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The History of Men's Tuxedos and Male Formal Wear

From Mary Bellis,
Your Guide to Inventors.
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There are two theories about the first tuxedo.

The tuxedo was invented by Pierre Lorillard IV of New York City according to one school of thought. However, some historians believe that the tuxedo was invented by King Edward VII.

Pierre Lorillard

Pierre Lorillard's family were wealthy tobacco magnates who owned country property in Tuxedo Park, just outside of New York City. At a formal ball, held at the Tuxedo Club in October 1886, the young Lorillard wore a new style of formal wear for men that he designed himself. He named his tailless black jacket the tuxedo after Tuxedo Park. The tuxedo caught on and became fashionable as formal wear for men.

British Origins

According to English clothing historian James Laver, the idea of wearing black for evening wear was first introduced by the nineteenth century British writer, Edward Bulwer-Lyttonn who wrote in 1828 that "people must be very distinguished to look well in black."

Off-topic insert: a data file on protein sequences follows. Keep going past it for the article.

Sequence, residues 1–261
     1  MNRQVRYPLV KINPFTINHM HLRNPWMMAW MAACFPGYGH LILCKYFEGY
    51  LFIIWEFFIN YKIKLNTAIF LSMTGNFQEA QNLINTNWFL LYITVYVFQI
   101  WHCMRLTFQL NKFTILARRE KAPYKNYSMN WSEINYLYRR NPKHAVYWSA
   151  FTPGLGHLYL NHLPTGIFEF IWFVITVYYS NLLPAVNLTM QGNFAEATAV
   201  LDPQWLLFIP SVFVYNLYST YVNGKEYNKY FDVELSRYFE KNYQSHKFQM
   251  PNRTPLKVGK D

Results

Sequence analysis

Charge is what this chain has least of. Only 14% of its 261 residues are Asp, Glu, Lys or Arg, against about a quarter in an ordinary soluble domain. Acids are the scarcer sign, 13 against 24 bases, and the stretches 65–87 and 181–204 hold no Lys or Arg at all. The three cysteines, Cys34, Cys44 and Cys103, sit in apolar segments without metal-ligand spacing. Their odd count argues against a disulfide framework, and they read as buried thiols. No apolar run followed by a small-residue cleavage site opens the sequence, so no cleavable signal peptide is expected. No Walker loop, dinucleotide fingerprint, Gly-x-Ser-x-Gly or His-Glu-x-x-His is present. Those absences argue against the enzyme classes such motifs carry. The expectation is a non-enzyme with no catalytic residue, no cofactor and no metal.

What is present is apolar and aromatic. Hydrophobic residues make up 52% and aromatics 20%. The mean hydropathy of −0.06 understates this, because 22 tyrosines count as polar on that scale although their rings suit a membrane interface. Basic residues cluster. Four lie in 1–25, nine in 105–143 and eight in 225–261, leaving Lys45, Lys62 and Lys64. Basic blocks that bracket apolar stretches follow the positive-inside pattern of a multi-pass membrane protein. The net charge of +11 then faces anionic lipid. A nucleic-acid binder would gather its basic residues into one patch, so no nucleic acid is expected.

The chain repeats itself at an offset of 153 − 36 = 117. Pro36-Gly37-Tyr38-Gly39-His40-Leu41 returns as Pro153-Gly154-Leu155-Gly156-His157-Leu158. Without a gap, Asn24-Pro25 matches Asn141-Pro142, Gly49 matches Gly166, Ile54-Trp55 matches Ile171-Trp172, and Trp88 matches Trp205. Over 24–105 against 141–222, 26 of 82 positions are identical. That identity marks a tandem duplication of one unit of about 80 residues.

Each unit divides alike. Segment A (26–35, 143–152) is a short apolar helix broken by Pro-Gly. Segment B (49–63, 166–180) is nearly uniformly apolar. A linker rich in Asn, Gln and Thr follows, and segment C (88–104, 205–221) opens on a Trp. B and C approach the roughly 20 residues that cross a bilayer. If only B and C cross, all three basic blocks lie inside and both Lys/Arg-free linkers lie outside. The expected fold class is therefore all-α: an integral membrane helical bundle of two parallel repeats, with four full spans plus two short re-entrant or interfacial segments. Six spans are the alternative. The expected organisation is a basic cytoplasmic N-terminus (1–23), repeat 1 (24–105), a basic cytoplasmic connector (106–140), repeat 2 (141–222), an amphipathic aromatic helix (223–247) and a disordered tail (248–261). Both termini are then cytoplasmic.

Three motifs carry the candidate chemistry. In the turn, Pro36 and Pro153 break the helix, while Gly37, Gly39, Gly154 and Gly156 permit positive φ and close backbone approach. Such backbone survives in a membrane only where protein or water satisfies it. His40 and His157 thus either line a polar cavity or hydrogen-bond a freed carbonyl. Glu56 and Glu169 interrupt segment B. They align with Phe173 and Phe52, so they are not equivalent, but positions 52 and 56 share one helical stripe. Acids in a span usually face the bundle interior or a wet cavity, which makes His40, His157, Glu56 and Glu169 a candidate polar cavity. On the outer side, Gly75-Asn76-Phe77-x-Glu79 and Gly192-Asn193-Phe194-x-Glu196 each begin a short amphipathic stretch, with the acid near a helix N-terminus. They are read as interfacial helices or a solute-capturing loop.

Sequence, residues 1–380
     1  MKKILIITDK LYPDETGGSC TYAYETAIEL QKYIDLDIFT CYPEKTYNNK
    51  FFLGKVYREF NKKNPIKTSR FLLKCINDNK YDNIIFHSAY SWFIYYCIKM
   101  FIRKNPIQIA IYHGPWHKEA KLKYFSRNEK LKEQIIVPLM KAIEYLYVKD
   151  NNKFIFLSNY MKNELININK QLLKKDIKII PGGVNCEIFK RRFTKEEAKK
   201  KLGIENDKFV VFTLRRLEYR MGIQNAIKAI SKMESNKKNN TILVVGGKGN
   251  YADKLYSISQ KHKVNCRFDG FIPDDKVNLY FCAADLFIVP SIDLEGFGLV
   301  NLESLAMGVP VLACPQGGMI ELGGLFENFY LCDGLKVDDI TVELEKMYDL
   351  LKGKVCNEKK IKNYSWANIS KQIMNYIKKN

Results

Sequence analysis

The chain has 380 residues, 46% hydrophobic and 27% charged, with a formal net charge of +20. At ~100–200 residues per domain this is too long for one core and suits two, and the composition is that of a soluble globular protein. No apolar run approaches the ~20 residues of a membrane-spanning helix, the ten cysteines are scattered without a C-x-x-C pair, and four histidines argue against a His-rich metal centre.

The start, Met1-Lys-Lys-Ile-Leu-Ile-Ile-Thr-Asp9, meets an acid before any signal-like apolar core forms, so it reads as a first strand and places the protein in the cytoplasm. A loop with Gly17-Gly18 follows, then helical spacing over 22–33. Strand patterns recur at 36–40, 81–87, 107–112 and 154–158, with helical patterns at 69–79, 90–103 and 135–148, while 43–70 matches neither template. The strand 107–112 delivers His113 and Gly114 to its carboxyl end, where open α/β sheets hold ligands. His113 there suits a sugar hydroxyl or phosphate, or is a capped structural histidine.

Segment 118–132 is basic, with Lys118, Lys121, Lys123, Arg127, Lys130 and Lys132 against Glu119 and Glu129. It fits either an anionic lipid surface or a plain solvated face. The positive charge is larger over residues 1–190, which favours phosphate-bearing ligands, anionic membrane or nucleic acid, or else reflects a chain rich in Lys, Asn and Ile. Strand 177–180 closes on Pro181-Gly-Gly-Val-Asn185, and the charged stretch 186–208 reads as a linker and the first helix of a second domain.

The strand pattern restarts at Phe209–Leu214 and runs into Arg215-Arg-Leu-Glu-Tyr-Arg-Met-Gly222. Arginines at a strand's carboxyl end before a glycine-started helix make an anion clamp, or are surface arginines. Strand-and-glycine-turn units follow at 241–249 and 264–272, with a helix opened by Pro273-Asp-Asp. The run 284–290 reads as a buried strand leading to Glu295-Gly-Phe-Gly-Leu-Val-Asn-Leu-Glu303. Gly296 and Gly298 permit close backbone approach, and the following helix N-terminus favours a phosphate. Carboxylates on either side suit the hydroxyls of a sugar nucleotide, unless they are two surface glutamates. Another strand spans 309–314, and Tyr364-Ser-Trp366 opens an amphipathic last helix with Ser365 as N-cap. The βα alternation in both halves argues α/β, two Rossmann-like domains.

A resident of Tuxedo Park, James Brown Potter vacationed in England in the summer of 1886. Potter and his wife, Cora were introduced to the Prince of Wales {who later became King Edward VII} at a court ball in London. Potter asked the Prince for advice on formal dress. The Prince sent Potter to his own Saville Row tailor, Henry Poole & Co. Potter was fitted with a short black jacket and black tie that was unlike the formal tails with white tie that was worn in the United States for formal occassions.

The new tailless formal wear was said to have been designed by the Prince of Wales. The Prince and his tailor drew inspiration from the British military uniforms of the time, which used short jackets with black ties.

This is where the two origins meet. James Brown Potter took the design back to the Tuxedo Club, where Pierre Lorillard modified it, named it, and made it popular during the Autumn ball.

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History of Clothing

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